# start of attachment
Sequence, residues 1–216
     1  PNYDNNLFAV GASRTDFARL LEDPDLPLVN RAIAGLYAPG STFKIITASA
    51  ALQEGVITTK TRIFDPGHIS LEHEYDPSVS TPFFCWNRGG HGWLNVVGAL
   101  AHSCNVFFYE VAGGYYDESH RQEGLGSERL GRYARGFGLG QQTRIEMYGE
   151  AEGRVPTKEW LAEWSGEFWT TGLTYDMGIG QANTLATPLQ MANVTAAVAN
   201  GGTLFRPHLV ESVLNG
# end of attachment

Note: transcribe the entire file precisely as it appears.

Sequence, residues 1–216
     1  PNYDNNLFAV GASRTDFARL LEDPDLPLVN RAIAGLYAPG STFKIITASA
    51  ALQEGVITTK TRIFDPGHIS LEHEYDPSVS TPFFCWNRGG HGWLNVVGAL
   101  AHSCNVFFYE VAGGYYDESH RQEGLGSERL GRYARGFGLG QQTRIEMYGE
   151  AEGRVPTKEW LAEWSGEFWT TGLTYDMGIG QANTLATPLQ MANVTAAVAN
   201  GGTLFRPHLV ESVLNG